Feeds

It's going to be a White (Space) winter after all

First database of available frequencies gets January go-ahead

Next gen security for virtualised datacentres

The FCC has announced that the world's first White Space database will go live on 26 January 2012, allowing unlicensed devices to find unused frequencies, as long as they're in Wilmington, North Carolina.

The FCC has, as expected, granted the first database to Florida-based Spectrum Bridge, who recently completed a set of trials intended to prove the company had the capacity, and the capability, to run such a thing. Those trials didn't go perfectly, and the FCC expects Spectrum Bridge to address the remaining issues ahead of the launch, but come the end of January it will be legal to deploy White Space devices in at least one part of the USA.

Not that there are any White Space devices just yet, but Spectrum Bridge is poised to announce deals with manufacturers, including one or two from the UK. White Space devices are required to sense their location and then obtain from an online database a list of locally available frequencies within the TV broadcasts bands. Manufacturers are expected to sign deals with databases to provide that information for the life of the device, so getting an operational database is a necessary precursor to any White Space deployments.

Those manufacturers have been clear that they want more than one database too, to ensure competitive pressure. So the FCC has almost a dozen companies signed up (including both Google and Microsoft) to become database suppliers, providing identical information and differentiating through additional services, but Spectrum Bridge has pushed ahead to become the world's first.

Despite that, the company isn't expecting an immediate rush of deployments. The big manufacturers won't get involved until all the standards are in place and the protocols properly tested, so there's an opportunity for smaller players to gain a first-mover advantage. Even the communication between the database and the device isn't standard yet, the IETF is working on it, so devices wanting multiple options will have to speak multiple protocols.

But Spectrum Bridge is well aware that manufacturers will only want to deal with half a dozen companies globally, and once the big players get off the blocks then a specialist like Spectrum Bridge will have to make sure its footholds are solid. Which is why the company is already sharing UK White Space data on its web site, in preparation for Ofcom following the FCC's lead.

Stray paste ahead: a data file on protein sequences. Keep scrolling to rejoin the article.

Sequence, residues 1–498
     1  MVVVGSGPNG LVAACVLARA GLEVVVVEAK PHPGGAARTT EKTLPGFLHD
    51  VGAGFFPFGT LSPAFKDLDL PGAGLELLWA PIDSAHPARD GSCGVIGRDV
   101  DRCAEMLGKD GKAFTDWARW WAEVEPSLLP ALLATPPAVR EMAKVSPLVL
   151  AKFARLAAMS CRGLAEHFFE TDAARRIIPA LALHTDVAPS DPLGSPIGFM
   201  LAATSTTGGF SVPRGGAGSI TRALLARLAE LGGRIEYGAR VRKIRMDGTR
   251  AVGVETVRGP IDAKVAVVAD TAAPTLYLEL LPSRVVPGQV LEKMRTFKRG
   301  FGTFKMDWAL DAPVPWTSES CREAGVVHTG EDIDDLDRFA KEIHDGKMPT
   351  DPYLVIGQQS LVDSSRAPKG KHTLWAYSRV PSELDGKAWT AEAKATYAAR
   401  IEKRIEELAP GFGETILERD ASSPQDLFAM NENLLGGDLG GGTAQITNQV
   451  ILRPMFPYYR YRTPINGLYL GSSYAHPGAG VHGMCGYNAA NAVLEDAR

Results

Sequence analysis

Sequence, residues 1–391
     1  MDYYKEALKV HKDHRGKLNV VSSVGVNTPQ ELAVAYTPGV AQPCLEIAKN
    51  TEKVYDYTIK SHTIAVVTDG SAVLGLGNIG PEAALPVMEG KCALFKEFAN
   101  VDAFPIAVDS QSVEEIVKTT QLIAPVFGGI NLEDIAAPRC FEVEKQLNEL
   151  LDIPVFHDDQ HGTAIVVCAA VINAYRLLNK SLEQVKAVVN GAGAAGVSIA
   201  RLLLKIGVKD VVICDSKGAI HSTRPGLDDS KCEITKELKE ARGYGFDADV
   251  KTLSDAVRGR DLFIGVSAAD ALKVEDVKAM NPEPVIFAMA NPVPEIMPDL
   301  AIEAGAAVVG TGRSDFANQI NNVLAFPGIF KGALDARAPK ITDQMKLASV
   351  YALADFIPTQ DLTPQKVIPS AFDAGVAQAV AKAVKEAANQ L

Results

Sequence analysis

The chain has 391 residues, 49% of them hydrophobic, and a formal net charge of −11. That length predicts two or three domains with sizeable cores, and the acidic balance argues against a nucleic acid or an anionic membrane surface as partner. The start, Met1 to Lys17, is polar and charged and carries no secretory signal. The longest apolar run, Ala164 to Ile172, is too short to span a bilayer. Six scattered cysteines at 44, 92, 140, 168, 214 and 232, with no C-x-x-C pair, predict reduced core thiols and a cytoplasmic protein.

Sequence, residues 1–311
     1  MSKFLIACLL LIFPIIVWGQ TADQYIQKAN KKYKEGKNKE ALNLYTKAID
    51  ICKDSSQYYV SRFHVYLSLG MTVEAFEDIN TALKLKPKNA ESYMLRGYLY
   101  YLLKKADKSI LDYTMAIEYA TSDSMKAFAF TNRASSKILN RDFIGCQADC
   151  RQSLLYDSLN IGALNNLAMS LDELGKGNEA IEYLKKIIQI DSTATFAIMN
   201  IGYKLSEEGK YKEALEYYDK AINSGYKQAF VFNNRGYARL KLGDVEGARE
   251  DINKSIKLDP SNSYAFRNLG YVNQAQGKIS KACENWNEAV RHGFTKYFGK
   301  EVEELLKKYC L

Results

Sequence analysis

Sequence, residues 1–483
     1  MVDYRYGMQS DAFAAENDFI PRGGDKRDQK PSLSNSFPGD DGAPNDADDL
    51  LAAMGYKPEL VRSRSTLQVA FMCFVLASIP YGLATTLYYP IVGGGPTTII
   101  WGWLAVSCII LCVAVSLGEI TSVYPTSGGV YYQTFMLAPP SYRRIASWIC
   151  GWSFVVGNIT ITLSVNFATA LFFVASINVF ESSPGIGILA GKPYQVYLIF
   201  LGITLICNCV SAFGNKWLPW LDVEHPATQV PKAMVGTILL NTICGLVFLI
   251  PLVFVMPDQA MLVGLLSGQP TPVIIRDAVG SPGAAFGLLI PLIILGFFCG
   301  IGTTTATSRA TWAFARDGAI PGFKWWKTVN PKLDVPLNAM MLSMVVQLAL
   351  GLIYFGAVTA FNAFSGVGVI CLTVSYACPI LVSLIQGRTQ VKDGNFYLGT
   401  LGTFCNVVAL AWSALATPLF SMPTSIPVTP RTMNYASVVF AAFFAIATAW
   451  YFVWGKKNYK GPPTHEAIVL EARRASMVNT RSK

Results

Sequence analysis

The FCC award also only covers Wilmington, for the moment at least, so while it will allow commercial sale and use of White Space radios don't expect to see them in Best Buy just yet.

But that will happen, and probably within the next year, though it might be Christmas 2013 before they're the must-have gift of the season. As the other databases come on line, and large-scale manufacturing ramps up, White Space has the potential to provide huge amounts of connectivity, and (if it all works) it could fundamentally change the way we think about radio licensing.

The use of dynamically allocated spectrum has potential way beyond spaces left by the inefficiency of television broadcasting. Spectrum Bridge is already eyeing up frequencies used by directional radar (which is only used intermittently even where it is used), and reckons that the emergency services can always wait five minutes for a band to be cleared around a scene. This is the first step on a long road to dynamic frequency allocation across the radio spectrum. ®

Boost IT visibility and business value

More from The Register

next story
UK fuzz want PINCODES on ALL mobile phones
Met Police calls for mandatory passwords on all new mobes
Canadian ISP Shaw falls over with 'routing' sickness
How sure are you of cloud computing now?
Don't call it throttling: Ericsson 'priority' tech gives users their own slice of spectrum
Actually it's a nifty trick - at least you'll pay for what you get
Three floats Jolla in Hong Kong: Says Sailfish is '3rd option'
Network throws hat into ring with Linux-powered handsets
Fifteen zero days found in hacker router comp romp
Four routers rooted in SOHOpelessly Broken challenge
New Sprint CEO says he will lower axe on staff – but prices come first
'Very disruptive' new rates to be revealed next week
PwC says US biz lagging in Internet of Things
Grass is greener in Asia, say the sensors
Ofcom sees RISE OF THE MACHINE-to-machine cell comms
Study spots 9% growth in IoT m2m mobile data connections
O2 vs Vodafone: Mobe firms grab for GCHQ, gov.uk security badge
No, the spooks love US best, say rival firms
Ancient pager tech SMS: It works, it's fab, but wow, get a load of that incoming SPAM
Networks' main issue: they don't know how it works, says expert
prev story

Whitepapers

Endpoint data privacy in the cloud is easier than you think
Innovations in encryption and storage resolve issues of data privacy and key requirements for companies to look for in a solution.
Implementing global e-invoicing with guaranteed legal certainty
Explaining the role local tax compliance plays in successful supply chain management and e-business and how leading global brands are addressing this.
Top 8 considerations to enable and simplify mobility
In this whitepaper learn how to successfully add mobile capabilities simply and cost effectively.
Solving today's distributed Big Data backup challenges
Enable IT efficiency and allow a firm to access and reuse corporate information for competitive advantage, ultimately changing business outcomes.
Reg Reader Research: SaaS based Email and Office Productivity Tools
Read this Reg reader report which provides advice and guidance for SMBs towards the use of SaaS based email and Office productivity tools.